Costuming 101: Creating Wearable Body Armor / Upper Leg Protection
Halloween is Coming! Stormtrooper Costumes to the Ready!
There is nothing more fun than going out on Halloween dressed in costume. Whether you buy or make your own, everyone wants something unique, something that nobody else has. You can make your own wearable costumes, specifically wearable body armor, from discarded 55-gallon chemical barrels.
In Costuming 101: Stormtrooper/Fantasy Armor Created from Recycled Plastic Chemical Barrels we learned some basic of how to create poster-board templates that 'fit' the intended wearer. Traced upon a smooth-sided 55-gallon HDPE plastic chemical barrel and cut-out using an electric jig saw, we were left with the front and the back of the chest armor.
In the second installment ./Assembling the Fantasy/Sci-Fi Armor we learned how to attach the front and back section using all stainless steel pop-rivets. We also learned how to 'dress' the armor to make the head-hole and arm-hole accessible. More on this aspect of the armor is in the works, but what about the rest of the body armor? Can other body armor parts be created for the legs? Yes!
Create a Template for the Upper Leg
This is an approximation of the shape of the desired upper leg template. Traced onto white poster-board, it must be several inches taller than the distance between the intended wearer's outer knee and the height of the belt at their outer hip. Note the rounded 'crown' at the top. This part is important to create for this part shall be at the wearer's sides, at approximately the top inseam of their jeans or pants.
(Image "A") Your template will likely be wider than this graphic image, which is for demonstration purposes only. Wrapping around your leg with several inches of overlap is an absolute necessity.
Be sure that the template is symmetrical. If folded in half lengthwise it must be the same. Otherwise you will have to consider making a FRONT and a REVERSE pattern and cutting the plastic out that way. This is because the 'pebbly' surface of a 55-gallon barrel is on the exterior, which is the surface what we want, you must all your cut-out carapaces the have the same 'exterior' surface.
The interior of any chemical barrel is far smoother than the exterior surface, almost glass-like. While this might be desirable for some armor costumes, generally this texture detracts from the whole.
Not to mention that long-term contact of the inside of the barrel with whatever chemicals were present will very much affect how well this 'interior surface' will accept any spray paint. Often the chemicals these barrels were originally used for will cause most spray paints to 'bubble up' and peel. The exterior sides does not do this.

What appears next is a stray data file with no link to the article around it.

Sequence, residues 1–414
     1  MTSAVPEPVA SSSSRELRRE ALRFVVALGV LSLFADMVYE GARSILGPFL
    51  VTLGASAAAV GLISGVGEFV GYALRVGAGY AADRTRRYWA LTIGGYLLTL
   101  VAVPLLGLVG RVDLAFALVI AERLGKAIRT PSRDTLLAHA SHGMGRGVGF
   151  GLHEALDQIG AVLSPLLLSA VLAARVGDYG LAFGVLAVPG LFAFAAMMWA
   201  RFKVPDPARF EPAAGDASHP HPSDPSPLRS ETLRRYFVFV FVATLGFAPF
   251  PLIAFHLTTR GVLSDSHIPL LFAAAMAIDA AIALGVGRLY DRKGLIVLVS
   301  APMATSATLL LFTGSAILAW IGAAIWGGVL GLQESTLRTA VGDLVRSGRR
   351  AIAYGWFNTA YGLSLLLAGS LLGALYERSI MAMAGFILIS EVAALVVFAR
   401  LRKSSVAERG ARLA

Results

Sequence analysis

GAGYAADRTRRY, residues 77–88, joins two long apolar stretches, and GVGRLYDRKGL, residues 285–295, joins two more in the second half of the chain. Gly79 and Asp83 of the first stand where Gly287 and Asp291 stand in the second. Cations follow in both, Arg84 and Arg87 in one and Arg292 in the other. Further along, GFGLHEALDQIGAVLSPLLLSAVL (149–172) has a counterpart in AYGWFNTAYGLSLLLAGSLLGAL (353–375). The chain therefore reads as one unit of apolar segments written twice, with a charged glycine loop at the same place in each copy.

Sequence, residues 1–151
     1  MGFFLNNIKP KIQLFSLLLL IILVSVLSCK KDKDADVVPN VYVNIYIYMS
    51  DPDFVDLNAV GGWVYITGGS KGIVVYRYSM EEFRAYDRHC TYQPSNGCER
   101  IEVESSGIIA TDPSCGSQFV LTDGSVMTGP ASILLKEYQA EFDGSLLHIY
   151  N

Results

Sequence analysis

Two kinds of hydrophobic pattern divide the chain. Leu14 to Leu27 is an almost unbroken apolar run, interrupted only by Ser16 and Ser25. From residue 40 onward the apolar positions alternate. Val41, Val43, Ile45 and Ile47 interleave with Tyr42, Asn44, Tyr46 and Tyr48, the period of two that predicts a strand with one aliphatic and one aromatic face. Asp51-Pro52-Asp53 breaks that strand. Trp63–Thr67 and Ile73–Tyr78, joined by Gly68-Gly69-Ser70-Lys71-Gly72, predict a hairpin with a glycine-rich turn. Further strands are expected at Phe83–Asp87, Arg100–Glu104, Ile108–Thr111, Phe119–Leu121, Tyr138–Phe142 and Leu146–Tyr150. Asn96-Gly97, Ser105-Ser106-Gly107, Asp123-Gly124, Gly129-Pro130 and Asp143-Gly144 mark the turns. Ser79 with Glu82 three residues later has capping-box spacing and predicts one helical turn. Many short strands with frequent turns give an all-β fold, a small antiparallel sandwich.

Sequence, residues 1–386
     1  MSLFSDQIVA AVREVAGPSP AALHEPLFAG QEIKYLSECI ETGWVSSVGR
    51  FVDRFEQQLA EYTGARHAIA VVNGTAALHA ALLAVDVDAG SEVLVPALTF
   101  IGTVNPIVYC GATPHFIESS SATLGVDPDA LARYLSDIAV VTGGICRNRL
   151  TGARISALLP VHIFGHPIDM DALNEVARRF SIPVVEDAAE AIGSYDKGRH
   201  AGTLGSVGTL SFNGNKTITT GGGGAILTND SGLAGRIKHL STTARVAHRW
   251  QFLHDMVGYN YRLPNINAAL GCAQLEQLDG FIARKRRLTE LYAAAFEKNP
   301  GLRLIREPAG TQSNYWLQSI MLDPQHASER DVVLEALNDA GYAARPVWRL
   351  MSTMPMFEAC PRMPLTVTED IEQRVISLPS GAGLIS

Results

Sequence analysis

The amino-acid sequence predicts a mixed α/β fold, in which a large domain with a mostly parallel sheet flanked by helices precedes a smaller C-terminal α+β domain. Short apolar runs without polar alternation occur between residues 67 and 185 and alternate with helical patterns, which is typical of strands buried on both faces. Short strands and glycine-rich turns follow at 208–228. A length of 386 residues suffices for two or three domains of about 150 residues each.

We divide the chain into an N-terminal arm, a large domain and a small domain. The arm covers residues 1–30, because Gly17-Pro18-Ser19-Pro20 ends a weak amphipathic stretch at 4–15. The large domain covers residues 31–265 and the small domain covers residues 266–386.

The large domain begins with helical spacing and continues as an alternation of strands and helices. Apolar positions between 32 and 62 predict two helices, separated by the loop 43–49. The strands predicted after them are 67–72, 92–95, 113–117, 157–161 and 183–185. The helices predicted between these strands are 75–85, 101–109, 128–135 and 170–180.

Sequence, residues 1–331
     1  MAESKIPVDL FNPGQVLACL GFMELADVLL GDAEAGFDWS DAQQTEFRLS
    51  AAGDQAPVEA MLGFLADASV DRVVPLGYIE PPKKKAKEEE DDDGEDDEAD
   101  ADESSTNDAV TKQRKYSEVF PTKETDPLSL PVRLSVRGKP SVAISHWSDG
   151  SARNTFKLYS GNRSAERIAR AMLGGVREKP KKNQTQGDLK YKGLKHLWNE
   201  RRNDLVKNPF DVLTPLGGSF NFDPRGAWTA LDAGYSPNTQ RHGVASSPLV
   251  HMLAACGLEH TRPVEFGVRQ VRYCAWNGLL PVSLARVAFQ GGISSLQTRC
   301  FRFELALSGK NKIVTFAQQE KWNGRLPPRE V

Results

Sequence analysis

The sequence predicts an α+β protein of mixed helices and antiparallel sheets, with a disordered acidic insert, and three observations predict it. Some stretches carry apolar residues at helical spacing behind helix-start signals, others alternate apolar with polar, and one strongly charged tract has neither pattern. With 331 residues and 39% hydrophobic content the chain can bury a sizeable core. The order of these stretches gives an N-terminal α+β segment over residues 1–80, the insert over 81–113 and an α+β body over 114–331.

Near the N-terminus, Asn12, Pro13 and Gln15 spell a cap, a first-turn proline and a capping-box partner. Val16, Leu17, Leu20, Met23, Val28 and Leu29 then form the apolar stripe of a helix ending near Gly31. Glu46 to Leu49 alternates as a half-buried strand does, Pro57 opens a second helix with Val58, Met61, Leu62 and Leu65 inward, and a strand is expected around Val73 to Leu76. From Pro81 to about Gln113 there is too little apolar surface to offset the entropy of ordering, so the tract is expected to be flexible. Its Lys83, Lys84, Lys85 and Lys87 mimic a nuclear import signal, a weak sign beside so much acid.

Heat and Roll the Upper Leg Carapace into a Megaphone Tube
(Image "B") Using the propane torch heating and bath-tub cooling methods we learned in the first tutorial, we have created one rolled cone that is sized for the intended wearer.
Before riveting (note the RED dots: these are suggested rivet points) it may be advantageous to test-fit this cone onto the wearer BEFORE drilling and installing the rivets.
Be Aware of the Knee
- Be especially mindful of the narrow end of this Upper Leg Cover: It MUST be able to easily slide over the clothed knee with little or no squeezing, pulling or yanking. You should be able to freely insert the fingers of your hand up the narrow end armor from the bottom while wearing it, else it is going to be too tight and can cause chaffing and pinching.
By gently squeezing the cone around the wearer's leg and marking the straight-line position with a magic marker, you will have a guide-line to align to prior to riveting.
In an more advanced build, I created a fan-tail delta design and installed a draw-hasp to tightened/release this narrow end. This 'friction fitting' method worked quite well but it is an necessary extra. As with all things, subsequent builds become more complex as specific needs are identified and added detailing extras are desired.
This fit must be LOOSE. Test-fitting is only to assure that it will not be riveted too tight and not permit entry of the leg. When worn on the body, it will be hanging from a strap attached to the wearer's belt and thus, will be surprisingly secure and stable.
Make two of these carapaces for the upper leg covers, heat and roll and rivet each. The number of rivets used is up to you, but use enough to hold the pieces flat to each other.